Domain names in mergers and acquisitions

Domain names in mergers and acquisitions is a critical element to consider in due diligence.  The mechanics behind M&A activity is complex and involves careful preparation and expert advice and consideration. Understanding how intellectual property rights are involved with mergers and acquisitions is essential and significant detail is required to ensure nothing is missed.

An area that is sometimes overlooked in M&A activity is the transfer of licence rights to the domain names held by the business being acquired.

So do domain names get missed in Mergers & Acquisitions as well?   The answer is unfortunately yes. Domain names are probably the easiest (and most common) piece of a M&A detail to miss.

Without naming and shaming there have been some high profile Australian cases of prominent brands not properly managing the transfer of domain names in M&A deals. In one particular case, a very large (listed) utilities business mishandled the transfer of their namesake .com. Although it was transferred under their management, they did not transfer the licence for the domain name. The risk they now run is that the other party involved can, at any point, recover the domain name which would effectively bring down their entire online operation.

Risks of Domain Names in Mergers and Acquisitions

Reason domain names become a problem during and after an M&A event:

  1. The acquisition agreement makes no provisions for the transfer of domain names – no transfer process or mechanism has been identified leading to confusion.
  2. The domain names are held by a holding company and therefore not a part of the deal.
  3. The domain names are not properly transferred an ssubsequently expire.

Preparing for the domain name transfer

The key documents companies should prepare for the transfer of domain names through M&A are:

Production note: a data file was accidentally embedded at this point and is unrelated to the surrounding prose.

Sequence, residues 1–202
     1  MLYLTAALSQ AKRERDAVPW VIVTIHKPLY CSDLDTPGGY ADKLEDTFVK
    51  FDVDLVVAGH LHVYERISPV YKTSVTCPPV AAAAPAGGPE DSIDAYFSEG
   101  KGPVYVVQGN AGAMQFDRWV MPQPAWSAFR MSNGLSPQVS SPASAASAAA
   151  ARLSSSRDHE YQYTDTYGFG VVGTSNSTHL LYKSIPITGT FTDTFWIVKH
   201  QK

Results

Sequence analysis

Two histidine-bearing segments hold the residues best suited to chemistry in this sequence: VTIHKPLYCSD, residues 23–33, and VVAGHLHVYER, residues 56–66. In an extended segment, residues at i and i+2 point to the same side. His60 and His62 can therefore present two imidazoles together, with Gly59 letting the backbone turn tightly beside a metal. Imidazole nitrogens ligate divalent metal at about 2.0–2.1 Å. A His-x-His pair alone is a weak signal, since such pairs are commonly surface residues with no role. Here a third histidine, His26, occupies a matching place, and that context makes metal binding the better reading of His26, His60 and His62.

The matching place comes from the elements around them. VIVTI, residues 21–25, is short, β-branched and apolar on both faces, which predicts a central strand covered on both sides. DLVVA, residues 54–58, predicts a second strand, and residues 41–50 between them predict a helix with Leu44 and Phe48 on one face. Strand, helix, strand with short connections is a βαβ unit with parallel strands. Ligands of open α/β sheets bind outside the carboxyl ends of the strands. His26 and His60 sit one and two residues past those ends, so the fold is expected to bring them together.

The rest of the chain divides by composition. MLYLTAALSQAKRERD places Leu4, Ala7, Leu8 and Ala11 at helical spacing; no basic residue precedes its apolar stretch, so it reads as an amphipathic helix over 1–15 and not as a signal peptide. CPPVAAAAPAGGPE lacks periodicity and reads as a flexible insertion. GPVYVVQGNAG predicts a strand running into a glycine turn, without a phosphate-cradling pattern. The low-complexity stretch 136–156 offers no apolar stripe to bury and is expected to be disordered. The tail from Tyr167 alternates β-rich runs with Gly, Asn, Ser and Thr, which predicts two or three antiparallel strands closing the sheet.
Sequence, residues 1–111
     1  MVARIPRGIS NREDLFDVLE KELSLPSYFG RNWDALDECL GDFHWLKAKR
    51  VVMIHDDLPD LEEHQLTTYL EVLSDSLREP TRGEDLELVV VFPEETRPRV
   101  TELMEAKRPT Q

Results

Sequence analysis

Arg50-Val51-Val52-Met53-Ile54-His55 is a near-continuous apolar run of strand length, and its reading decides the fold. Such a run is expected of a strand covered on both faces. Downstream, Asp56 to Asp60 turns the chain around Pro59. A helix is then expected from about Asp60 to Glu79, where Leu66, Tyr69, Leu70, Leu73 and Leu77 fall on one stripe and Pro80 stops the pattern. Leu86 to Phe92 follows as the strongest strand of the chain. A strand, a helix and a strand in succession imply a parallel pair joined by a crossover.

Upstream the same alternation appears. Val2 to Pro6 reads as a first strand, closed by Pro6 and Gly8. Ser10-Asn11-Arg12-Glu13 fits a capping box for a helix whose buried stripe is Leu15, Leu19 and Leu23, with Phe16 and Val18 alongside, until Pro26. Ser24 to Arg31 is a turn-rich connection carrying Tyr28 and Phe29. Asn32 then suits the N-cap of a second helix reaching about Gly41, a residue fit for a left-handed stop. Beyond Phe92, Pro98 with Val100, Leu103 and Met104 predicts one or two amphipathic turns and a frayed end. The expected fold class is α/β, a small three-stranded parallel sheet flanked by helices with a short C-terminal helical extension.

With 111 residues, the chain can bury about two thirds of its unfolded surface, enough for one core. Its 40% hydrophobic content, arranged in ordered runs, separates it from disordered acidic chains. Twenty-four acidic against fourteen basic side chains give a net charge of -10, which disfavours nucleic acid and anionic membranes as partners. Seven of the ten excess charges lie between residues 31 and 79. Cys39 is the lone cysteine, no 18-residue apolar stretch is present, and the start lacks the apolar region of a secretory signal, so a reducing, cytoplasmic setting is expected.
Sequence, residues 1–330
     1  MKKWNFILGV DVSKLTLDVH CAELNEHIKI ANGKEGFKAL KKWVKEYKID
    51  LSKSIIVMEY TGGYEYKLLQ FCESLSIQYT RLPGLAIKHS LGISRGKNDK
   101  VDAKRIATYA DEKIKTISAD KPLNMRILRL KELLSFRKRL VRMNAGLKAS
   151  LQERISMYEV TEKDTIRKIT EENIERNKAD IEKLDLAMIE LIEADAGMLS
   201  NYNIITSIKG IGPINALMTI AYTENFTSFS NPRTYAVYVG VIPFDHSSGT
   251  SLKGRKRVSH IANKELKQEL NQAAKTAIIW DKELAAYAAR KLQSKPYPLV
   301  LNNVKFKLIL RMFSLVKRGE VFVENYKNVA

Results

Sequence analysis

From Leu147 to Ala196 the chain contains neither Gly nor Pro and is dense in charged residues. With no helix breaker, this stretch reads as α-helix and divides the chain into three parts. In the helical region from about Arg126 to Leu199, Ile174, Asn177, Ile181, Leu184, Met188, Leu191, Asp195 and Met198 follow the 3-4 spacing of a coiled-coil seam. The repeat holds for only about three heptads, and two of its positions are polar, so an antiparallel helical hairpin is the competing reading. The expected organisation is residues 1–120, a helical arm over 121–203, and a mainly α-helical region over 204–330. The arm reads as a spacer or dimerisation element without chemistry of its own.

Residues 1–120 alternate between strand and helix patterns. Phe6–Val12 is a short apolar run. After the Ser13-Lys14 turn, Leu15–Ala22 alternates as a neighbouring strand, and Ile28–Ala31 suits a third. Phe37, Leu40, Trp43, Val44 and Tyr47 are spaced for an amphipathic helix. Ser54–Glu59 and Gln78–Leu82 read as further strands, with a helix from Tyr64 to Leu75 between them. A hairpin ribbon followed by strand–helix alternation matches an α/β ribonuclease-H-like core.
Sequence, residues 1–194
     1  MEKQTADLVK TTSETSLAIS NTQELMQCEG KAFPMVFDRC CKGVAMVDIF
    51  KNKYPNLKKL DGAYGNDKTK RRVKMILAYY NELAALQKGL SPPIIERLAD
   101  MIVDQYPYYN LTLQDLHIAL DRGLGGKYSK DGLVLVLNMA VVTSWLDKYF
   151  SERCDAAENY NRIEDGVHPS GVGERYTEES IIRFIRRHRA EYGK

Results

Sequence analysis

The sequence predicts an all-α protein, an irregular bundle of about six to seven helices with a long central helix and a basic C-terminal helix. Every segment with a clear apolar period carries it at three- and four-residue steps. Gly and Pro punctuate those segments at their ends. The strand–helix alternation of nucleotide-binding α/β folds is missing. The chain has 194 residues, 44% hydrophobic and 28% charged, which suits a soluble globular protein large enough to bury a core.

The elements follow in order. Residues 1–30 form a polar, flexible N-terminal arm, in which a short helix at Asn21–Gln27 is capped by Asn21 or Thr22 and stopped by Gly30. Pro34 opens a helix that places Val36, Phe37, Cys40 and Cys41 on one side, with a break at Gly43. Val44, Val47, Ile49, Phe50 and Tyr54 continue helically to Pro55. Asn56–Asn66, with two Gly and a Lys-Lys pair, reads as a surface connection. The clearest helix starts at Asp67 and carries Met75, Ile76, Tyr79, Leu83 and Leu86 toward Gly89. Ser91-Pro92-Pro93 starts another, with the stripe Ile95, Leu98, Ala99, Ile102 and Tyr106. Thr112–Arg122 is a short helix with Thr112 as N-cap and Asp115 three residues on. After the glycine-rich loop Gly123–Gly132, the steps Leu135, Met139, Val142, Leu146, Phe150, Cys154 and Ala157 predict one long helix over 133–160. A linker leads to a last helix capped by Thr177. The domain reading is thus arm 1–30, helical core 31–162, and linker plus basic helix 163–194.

1. The Acquisition Agreement, which should outline all IP transfer including domain names;
  2. A transfer of ownership form signed and dated by both parties for each domain name; and
  3. An assignment agreement or a letter of undertaking (can be provided post agreement).

The Assignment agreement is important because it states the intentions of both parties in the domain name transfer. This letter will contain undertakings and warranties that the owner is the sole owner and that the domain name(s) do not have any claims, or history, of infringement or disputes. There should also be a clause indemnifying the buyer to protect themselves through the transaction. An important part of this assignment agreement is including a clause that prohibits the seller from registering or using similar or related domain names.

If you require any additional information relating to domain names in merger and acquisition activity please contact Renewit and a specialist will assist you with your preparations.

About brandsec

Brandsec is a corporate domain name management and brand protection company that look after many of Australia, New Zealand and Asia’s top publicly listed brands.  We provide monitoring and enforcement services, DNS, SSL Management, domain name brokerage and dispute management and brand security consultation services.

Contact us today for a free consultation.



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